Integration and ocean-based prelaunch validation of GOES-R advanced baseline imager legacy atmospheric products

Hua Xie, Nicholas R. Nalli, Shanna Sampson, Walter W. Wolf, Jun Li, Timothy J. Schmit, Christopher D. Barnet, Everette Joseph, Vernon R. Morris, Fanglin Yang

Research output: Contribution to journalArticlepeer-review

9 Scopus citations


An ocean-based prelaunch evaluation of the Geostationary Operational Environmental Satellite (GOES)-R series Advanced Baseline Imager (ABI) legacy atmospheric profile (LAP) products is conducted using proxy data based upon the Spinning Enhanced Visible and Infrared Imager (SEVIRI) on board the Meteosat Second Generation satellite. SEVIRI-based LAP temperature and moisture profile retrievals are validated against in situ correlative data obtained over the open ocean from multiple years of the National Oceanic and Atmospheric Administration (NOAA) Aerosols and Ocean Science Expeditions (AEROSE). The NOAA AEROSE data include dedicated radiosonde observations (RAOBs) launched from the NOAA ship Ronald H. Brown over the tropical Atlantic: a region optimally situated within the full-disk scanning range of SEVIRI and one of great meteorological importance as the main development area of Atlantic hurricanes. The most recent versions of the GOES-R Algorithm Working Group team algorithms (e.g., cloud mask, aerosol detection products, and LAP) implemented within the algorithms integration team framework (the NOAA operational system that will host these operational product algorithms) are used in the analyses. Forecasts from the National Centers for Environmental Prediction Global Forecasting System (NCEP GFS) are used for the LAP regression and direct comparisons. The GOES-R LAP retrievals are found to agree reasonably with the AEROSE RAOB observations, and overall retrievals improve both temperature and moisture against computer model NCEP GFS outputs. The validation results are then interpreted within the context of a difficult meteorological regime (e.g., Saharan air layers and dust) coupled with the difficulty of using a narrowband imager for the purpose of atmospheric sounding.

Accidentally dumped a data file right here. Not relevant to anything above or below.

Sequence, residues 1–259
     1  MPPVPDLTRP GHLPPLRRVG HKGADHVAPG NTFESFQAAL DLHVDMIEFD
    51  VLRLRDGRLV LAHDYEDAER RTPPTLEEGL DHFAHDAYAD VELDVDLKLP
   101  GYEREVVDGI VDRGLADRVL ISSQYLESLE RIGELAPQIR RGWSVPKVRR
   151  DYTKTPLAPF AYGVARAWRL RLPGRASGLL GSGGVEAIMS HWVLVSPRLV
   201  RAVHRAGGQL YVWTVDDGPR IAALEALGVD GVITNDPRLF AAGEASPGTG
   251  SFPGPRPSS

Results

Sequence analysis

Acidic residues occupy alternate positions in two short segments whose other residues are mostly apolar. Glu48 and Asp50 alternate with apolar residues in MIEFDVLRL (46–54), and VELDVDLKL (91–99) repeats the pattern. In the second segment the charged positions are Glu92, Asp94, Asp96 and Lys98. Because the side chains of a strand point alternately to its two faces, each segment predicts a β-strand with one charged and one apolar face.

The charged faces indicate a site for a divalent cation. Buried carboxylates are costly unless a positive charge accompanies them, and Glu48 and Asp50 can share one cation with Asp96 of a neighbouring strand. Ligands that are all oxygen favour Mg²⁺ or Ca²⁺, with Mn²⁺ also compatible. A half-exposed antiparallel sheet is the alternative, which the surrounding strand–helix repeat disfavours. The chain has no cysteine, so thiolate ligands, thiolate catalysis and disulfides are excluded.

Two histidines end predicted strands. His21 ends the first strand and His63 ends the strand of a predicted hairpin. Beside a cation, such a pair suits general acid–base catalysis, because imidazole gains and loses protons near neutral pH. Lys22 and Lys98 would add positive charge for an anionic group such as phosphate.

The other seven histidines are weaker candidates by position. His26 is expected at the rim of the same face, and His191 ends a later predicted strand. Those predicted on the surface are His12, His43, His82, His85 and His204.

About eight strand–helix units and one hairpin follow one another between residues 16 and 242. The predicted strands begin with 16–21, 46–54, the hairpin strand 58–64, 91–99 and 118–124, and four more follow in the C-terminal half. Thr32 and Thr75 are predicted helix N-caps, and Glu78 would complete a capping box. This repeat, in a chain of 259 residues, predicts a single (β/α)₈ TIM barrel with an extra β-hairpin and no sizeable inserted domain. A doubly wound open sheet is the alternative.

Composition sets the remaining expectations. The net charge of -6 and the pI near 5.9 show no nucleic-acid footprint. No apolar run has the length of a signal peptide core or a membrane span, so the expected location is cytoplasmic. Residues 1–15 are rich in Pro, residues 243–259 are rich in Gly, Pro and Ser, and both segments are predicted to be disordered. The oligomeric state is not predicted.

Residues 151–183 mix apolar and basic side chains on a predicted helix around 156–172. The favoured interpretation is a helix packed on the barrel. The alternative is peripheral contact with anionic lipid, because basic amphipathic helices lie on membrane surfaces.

Original languageEnglish (US)
Pages (from-to)1743-1756
Number of pages14
JournalJournal of Atmospheric and Oceanic Technology
Issue number8
StatePublished - 2013
Externally publishedYes

ASJC Scopus subject areas

  • Ocean Engineering
  • Atmospheric Science


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